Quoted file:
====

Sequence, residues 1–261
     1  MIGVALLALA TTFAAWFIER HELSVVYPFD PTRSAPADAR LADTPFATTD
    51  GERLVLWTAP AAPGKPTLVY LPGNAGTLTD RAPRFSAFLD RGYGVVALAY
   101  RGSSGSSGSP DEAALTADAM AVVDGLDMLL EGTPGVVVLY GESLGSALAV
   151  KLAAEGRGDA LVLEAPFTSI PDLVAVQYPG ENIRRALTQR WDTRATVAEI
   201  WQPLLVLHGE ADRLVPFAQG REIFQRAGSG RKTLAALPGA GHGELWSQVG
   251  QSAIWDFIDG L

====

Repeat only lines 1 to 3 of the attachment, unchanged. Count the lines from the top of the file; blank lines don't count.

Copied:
Sequence, residues 1–261
     1  MIGVALLALA TTFAAWFIER HELSVVYPFD PTRSAPADAR LADTPFATTD
    51  GERLVLWTAP AAPGKPTLVY LPGNAGTLTD RAPRFSAFLD RGYGVVALAY